Diving Into the Future: Wenzel Balances Demanding Sport with Demanding Major

Tyler Wenzel stands on a diving board almost 10 feet above the smaller of the two swimming pools in the McCann Natatorium.

It’s a Saturday in the middle of January, but the air in and around the pool area feels as hot and humid as ever.

In the time it takes him to make the three-meter ascent to the diving board, Wenzel gets himself prepared for what he’s about to attempt. When he reaches the top, he closes his eyes, centers himself, visualizes the dive, and tells himself to be confident.

Diving is very much a mental sport. Raislan Aiken, Marist men’s and women’s diving coach, calls diving “90 percent mental and 10 percent physical.”

Aiken, who graduated from Marist in 2020, can break down any type of dive in painstaking detail.

Take a reverse dive, the team’s least favorite. As Aiken says, “there’s a lot of different things that make the dive great.”

Before Wenzel or any other diver has even begun the descent toward the pool, they must consider their placement on the board, their arm swing, where their shoulders are, and where their head is.

Once the diver leaves the board, things only get more complicated. How tight of a tuck or a pike will they attempt? What about their spotting capabilities?

When a diver spots, they pick a mark that helps them know when to pull out of their dive. Then, there’s true spotting, when you see everything. Aiken considers any athlete with this ability to be Olympic-caliber.

Spotting makes up most of the middle of the dive. At the end of a reverse dive, the diver must kick with a strong core, have their legs and glutes squeezed, get their hands lined up, and squeeze their biceps just behind their ears while looking so that their arms are locked out so that they can lift the entry into the pool.

With all this in mind, Wenzel springs off the board. It’s been a long road to get to this moment.

Not a long metaphorical road. Well, sure, one of those too. 

But for Wenzel, a native of Middletown, CT, the days leading up to his final home meet were filled with anxiety and anticipation (not to mention practices he had to make up) because of an interview to get into a Ph.D. program for biology at Penn State University. 

On top of the nerves, there was the logistical dilemma of driving four hours to the middle of Pennsylvania on a Thursday night and then making it back before Saturday afternoon.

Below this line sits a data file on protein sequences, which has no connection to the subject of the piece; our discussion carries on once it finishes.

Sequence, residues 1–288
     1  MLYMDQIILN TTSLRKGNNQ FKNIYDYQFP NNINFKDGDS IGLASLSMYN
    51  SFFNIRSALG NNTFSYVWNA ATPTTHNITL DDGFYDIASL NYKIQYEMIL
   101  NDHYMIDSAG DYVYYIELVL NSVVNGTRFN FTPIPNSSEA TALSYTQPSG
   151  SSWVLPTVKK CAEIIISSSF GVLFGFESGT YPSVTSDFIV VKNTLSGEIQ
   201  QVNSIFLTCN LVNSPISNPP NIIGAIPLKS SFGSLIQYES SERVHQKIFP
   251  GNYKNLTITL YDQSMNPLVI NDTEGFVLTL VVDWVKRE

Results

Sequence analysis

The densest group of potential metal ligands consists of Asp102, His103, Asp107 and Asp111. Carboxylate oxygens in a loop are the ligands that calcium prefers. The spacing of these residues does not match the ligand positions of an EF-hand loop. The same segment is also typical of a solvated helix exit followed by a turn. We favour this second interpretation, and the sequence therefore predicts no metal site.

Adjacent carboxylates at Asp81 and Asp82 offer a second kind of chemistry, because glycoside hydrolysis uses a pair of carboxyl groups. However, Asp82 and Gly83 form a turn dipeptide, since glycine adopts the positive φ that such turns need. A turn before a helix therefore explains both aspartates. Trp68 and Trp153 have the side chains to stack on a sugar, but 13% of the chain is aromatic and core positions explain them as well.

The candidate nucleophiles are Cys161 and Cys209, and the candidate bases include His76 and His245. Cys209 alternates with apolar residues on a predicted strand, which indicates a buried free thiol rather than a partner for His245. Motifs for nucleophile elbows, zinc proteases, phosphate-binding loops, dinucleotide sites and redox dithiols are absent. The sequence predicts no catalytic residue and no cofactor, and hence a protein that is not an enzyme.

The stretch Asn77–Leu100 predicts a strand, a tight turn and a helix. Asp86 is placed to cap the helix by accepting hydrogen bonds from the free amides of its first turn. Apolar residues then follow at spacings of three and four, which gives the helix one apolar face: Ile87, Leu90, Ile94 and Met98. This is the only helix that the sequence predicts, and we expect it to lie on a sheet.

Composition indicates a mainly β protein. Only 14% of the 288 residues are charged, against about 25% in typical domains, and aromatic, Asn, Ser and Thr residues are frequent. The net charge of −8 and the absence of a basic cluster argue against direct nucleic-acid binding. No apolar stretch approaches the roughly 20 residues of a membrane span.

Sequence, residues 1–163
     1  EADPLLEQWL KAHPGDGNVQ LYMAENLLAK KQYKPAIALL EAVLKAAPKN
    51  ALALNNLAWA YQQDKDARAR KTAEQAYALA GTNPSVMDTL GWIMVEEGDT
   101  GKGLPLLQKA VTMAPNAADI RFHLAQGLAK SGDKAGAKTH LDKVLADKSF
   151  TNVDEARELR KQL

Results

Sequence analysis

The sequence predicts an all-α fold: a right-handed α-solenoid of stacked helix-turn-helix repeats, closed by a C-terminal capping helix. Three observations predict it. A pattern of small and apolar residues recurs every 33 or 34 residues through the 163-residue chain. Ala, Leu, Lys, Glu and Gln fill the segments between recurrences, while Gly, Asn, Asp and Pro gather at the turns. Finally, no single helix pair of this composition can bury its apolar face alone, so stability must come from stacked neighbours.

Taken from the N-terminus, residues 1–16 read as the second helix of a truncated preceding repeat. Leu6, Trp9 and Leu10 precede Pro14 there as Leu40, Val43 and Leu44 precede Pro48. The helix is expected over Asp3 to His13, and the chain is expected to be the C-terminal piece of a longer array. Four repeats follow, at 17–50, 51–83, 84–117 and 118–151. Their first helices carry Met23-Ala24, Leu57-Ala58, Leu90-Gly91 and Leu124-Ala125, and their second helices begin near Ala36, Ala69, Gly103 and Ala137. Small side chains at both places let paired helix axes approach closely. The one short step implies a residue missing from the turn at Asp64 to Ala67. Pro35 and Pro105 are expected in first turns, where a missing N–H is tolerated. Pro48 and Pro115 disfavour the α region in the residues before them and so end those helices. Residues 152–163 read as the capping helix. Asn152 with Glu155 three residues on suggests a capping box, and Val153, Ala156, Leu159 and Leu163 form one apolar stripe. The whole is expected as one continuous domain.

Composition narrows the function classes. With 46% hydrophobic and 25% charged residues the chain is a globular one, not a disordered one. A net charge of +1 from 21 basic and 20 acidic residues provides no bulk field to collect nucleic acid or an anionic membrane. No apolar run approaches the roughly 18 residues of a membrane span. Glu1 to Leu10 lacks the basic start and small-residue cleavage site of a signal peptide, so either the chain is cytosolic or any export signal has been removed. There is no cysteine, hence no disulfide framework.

The planned process called for Wenzel to interview on Friday and Saturday, but he knew that wouldn’t work.

“I had to coordinate with the director that I wasn’t going to be there on Saturday, and they were able to work with my schedule,” Wenzel said. “I ended up interviewing at Penn State all day on Friday, five interviews back to back with facilities tours and everything… and I ended up getting back at Marist around 12:30 on Saturday morning.”

In what seemed like the blink of an eye, he was up to prepare for the meet.

“It was a quick turnaround, very little sleep,” he said. “I think that whole week, I probably slept five to six hours every night. So not ideal, but you know, in order to balance where I am now and what I want to do in the future, it was necessary, and I would do it again.”

Every Division I student-athlete has the unenviable task of balancing success in the classroom with competing at the highest collegiate level.

A look at Wenzel’s Monday schedule shows that he has to balance more than the average student-athlete.

8:00 – 9:15 a.m.: Biology capping.

9:30 – 12:15 p.m: Teaching assistant for a molecular biology lab

12:30 – 2:00 p.m.: A break (if he’s lucky)

2:00 -3:15 p.m: Class

3:30 – 4:45 p.m.: Get homework done

5:00 – 6:15 p.m.: Class

6:15 – 8:00 p.m.: Practice 

There are some days when Wenzel will be out of the house for 12 or more hours at a time. Making sure to take time for himself is how he handles the stress of a busy schedule.

“I normally like to just take some time for myself at night where I don’t focus on schoolwork. I don’t think about anything else that’s going on and get to take an hour or two to do whatever I want to do,” Wenzel said. “So whether that be hanging out with friends, or watching TV or a movie, or going for a drive and getting some food. I think that’s what keeps me sane.”

Wenzel’s love for science was born at a young age. His father, Zane, works at Pfizer and helped bring science into his son’s life at a young age.

“He is 100 percent the reason why I’m interested in science,” Wenzel said. “He would come to my elementary school classes and teach everyone how to make slime or something like that. I just thought it was so cool.”

To this day, when something goes wrong in the lab, Zane is the one that gets the call.